Hip Flexors: Forgotten Muscle?

With all the focus on eliminating the hip flexors on ab training and what have you, is the hip flexor pretty much undertrained?
Does anyone do any hip flexor specific training? What and how?

I remember reading something by Thibs where he said to build decent hip flexors you get on a leg extension, perform a rep, hold the top position and lift your leg (you won’t be able to lift it, obviously, but you try). Never tried it but the theory seems sound.

Leg raises… prolly as much flexors as abs.

Dave Tate has written about how when he was at Westside he would do sled drags with the straps around his ankles to strengthen his hip flexors while doing his GPP work.

[quote]TrevorLPT wrote:
Dave Tate has written about how when he was at Westside he would do sled drags with the straps around his ankles to strengthen his hip flexors while doing his GPP work. [/quote]

oh god that sounds horrible

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I heard Dave Tate used to eat his morning oatmeal with a spoon-shaped cable machine attachment to build his wrist flexors.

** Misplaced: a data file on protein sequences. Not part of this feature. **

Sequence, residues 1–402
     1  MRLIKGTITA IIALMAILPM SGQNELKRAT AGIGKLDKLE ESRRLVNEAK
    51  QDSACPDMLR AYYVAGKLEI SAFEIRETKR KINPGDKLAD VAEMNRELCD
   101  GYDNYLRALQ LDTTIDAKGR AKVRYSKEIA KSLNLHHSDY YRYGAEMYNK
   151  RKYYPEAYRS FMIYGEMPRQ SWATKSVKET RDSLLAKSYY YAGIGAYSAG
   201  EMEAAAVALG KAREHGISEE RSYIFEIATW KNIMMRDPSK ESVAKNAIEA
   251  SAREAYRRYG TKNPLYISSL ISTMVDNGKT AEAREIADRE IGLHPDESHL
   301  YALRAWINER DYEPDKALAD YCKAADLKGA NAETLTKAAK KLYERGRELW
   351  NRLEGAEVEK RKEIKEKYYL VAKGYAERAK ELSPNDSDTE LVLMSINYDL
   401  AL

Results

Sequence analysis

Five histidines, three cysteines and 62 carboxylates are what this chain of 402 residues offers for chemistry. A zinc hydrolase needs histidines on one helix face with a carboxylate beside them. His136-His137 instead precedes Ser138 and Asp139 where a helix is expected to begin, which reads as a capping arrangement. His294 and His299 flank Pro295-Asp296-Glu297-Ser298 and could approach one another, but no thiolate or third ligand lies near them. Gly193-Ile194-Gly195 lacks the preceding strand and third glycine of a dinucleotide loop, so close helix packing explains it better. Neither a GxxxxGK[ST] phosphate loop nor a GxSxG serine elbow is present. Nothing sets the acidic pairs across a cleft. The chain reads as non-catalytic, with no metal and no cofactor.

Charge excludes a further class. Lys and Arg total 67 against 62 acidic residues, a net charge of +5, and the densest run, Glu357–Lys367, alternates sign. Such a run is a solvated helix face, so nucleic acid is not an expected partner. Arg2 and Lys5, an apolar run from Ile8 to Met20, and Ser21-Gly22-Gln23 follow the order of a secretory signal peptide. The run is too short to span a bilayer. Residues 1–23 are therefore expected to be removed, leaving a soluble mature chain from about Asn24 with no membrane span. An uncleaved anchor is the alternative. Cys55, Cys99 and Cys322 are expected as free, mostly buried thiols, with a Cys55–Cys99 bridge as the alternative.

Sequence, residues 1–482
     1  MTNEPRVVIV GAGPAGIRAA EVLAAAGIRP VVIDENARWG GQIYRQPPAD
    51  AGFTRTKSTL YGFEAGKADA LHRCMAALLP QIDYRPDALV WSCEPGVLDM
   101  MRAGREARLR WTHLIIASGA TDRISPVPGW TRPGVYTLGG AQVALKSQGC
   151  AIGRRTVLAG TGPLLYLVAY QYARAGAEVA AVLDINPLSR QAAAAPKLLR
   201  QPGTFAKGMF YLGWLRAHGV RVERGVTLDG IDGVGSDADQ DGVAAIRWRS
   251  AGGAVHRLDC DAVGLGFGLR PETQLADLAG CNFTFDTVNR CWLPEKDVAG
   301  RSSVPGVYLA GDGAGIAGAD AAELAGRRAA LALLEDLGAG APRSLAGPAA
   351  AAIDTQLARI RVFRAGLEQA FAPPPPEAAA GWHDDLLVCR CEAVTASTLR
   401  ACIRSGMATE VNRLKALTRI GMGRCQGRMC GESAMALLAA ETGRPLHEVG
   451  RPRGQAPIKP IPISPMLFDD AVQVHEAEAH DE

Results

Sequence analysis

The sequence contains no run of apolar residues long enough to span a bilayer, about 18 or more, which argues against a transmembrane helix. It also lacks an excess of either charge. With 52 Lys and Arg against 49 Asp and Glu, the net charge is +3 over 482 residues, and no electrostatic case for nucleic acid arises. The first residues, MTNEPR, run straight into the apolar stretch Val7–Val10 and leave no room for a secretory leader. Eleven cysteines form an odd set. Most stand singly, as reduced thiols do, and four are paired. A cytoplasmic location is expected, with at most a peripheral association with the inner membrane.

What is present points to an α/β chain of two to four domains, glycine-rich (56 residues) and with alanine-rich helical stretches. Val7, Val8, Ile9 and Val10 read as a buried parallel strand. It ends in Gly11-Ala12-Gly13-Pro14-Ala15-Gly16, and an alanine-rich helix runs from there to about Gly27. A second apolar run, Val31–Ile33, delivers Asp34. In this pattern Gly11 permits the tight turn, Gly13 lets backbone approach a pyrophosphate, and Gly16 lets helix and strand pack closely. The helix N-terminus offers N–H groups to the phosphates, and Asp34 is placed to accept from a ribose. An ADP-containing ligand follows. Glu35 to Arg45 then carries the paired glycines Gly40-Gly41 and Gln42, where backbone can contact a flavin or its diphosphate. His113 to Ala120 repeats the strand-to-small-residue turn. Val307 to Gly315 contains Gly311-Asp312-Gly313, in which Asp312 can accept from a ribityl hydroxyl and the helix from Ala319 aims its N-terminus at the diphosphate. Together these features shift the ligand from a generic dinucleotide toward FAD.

Dave Tate must have very strong flexors then.

[quote]jp_dubya wrote:
With all the focus on eliminating the hip flexors on ab training and what have you[/quote]
Even if people minimize hip flexor use when training abs (and I’m not sure a lot of people do), the hip flexors are still activated a bunch with things like deep squats, glute bridges/hip thrusts, lunges, Bulgarian split squats, planks, and sprints.

I’d bet they’re not really undertrained in most lifters. If anything, they tend to be chronically tight/shortened/inefficiently-activated from overuse - sitting all day at work, shallow squats, a lack of unilateral leg work, etc.

For sure though, top powerlifters might address the hip flexors specifically with the foot-strapped sled drags, “wrong way” hanging leg raises, lying leg raises, etc., if that’s something they’ve determined to be holding back their lifts. But I don’t think it’s something most people with a decent training program and decent form need to worry about.